I have been reading the book of Lamentations and I’ve found myself lingering on Chapter 3.
I’d like to share a devotion from last week, based on verses 31-33, 49-50
31 For no one is cast off
by the Lord forever.
32 Though he brings grief, he will show compassion,
so great is his unfailing love.
33 For he does not willingly bring affliction
or grief to anyone.
49 My eyes will flow unceasingly,
50 until the Lord looks down
from heaven and sees.
The book of Lamentations is an Old Testament book attributed to Prophet Jeremiah. It expresses the overwhelming loss and sadness over the destruction of Jerusalem, the temple and the exile of God’s people.
The people of Israel had hardened their hearts and turned away from God, Lamentations depicts the judgment of God on the people.
I don’t like God’s wrath
To be honest, I don’t like reading about the wrath and judgment of God. As I read this book, I am floored by the breadth, dimension and intensity of His judgement.
Just in Chapter 3
16 He has broken my teeth with gravel;
he has trampled me in the dust.
1I am the man who has seen affliction
by the rod of the Lord’s wrath.
2 He has driven me away and made me walk
in darkness rather than light;
3 indeed, he has turned his hand against me
again and again, all day long.
4 He has made my skin and my flesh grow old
and has broken my bones.
5 He has besieged me and surrounded me
with bitterness and hardship.
6 He has made me dwell in darkness
like those long dead.
Get this; the destruction is not happening by happenstance. The destroyer has been purposely sent by God, as punishment for unrepentant sin and hardened hearts.
We don’t like to fear
Last week I watched a video by Francis Chan (you can watch it here) and he talked about the fear of God. In our world today we talk about the fear of God as an awe, or respect or honor. But the word “fear”, in it’s original meaning means exactly that…fear. It is derived from original Hebrew words meaning “terror,” or “dread.”
Francis Chan gave an example of people who came to face with God and their response to His presence.
For example, John the author of Revelations.
Revelations 1:17 records
“When I saw him, I fell at his feet as though dead. (John 1)
John wasn’t merely in awe, or in respectful honor of God. He fell at His feet “as though dead”.
I am in a season of remembering this side of God – the fiercely Holy, in whose Presence mortal frame cannot stand, who punishes sin.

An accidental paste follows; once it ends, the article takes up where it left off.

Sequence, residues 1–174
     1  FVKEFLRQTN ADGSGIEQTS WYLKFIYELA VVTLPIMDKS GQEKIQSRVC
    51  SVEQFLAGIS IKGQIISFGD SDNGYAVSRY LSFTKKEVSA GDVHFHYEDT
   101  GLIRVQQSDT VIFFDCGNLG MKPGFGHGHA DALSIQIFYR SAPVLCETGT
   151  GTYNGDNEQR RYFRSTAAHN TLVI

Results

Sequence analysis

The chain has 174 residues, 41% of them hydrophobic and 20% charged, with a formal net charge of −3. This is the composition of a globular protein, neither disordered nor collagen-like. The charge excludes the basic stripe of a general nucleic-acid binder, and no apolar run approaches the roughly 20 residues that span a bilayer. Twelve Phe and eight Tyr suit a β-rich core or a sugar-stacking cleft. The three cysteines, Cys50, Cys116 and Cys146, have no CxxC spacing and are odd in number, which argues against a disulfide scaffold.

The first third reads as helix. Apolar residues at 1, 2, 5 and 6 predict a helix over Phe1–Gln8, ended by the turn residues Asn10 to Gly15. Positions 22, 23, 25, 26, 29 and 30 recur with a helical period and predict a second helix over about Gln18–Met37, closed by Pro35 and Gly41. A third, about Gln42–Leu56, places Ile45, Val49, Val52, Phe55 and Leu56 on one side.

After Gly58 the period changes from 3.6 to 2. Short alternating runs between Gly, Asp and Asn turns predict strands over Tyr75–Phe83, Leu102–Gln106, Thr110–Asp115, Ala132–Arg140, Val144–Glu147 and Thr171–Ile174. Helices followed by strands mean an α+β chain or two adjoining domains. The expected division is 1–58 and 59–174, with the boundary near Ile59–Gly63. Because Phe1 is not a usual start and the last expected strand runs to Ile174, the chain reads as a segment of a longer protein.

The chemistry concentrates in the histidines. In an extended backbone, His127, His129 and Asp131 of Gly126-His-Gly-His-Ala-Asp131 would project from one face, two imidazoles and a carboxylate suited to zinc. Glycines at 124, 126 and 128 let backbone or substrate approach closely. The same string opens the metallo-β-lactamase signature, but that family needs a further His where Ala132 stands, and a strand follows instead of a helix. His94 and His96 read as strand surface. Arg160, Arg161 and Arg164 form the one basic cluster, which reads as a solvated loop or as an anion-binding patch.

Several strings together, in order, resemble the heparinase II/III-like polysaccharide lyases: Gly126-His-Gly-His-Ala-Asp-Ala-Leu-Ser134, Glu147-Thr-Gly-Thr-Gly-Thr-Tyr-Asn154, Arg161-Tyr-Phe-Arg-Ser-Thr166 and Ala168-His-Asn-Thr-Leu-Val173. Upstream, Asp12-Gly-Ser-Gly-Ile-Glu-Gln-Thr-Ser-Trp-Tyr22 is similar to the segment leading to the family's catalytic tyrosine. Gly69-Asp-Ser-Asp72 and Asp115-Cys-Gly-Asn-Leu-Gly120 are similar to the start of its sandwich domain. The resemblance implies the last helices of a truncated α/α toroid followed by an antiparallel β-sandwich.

I drift and forget God’s majesty. I start to ask foolish questions like “Why does God deserve ALL the glory?” Nothing wrong with questions that lead to study and understanding. But there’s everything horribly wrong when your awe of God has been dulled by pride and sin.
Fear leads to repentance
In the opening verses above (31-33), the Author (likely Jeremiah) is speaking over the broken city. That though God has punished them, He will remember them because of His unfailing love. God does not desire to bring affliction or grief to anyone. He does not punish from His heart.
Verses 49 – 50 record Jeremiah’s unceasing grief until the Lord answers; till He looks down from heaven and becomes aware of the situation of the people, in compassion, not in wrath.
I don’t know what you are going through in your marriage (or life in general) or what caused it. Maybe you didn’t even sleep last night, so heavy is your grief and pain. Maybe God feels far and your life is in turmoil, filled with condemnation and guilt.
After John fell at the feet of Jesus in terror, the next verse records how Jesus touched him and said “do not fear”.
We must have a real holy fear for God but it’s sole goal is to drive us to a correct understanding of who He is so we may revile sin and repent.
Regardless of where you are today, there is hope! You may feel cast off, but there’s still hope! Imagine how the Israelites felt! But Jeremiah knew that seasons of pain and grief never last forever.
I pray that as we learn of His majesty, who He is and the awful consequences of sin and being separated from Him, we shall not harden our hearts. Rather we shall listen to His instructions and mend our ways and come into close relationship again.
I don’t enjoy the fierce side of God. I am pretty glad that’s not where God wants us to dwell either. The Bible says “the fear of God is the begining of wisdom” (make sure you watch Francis Chan video).
So my prayer has been ; “O Lord, Like Jeremiah, may I remember that there’s always hope as I encounter hard seasons. May intercession and hope never cease pouring from my lips as I wait for you”
Ponder – Which area of your life needs a fresh awareness of the majesty of God? Are there areas in your marriage that pride and self-centeredness has taken over, where your eyes and heart have been dulled?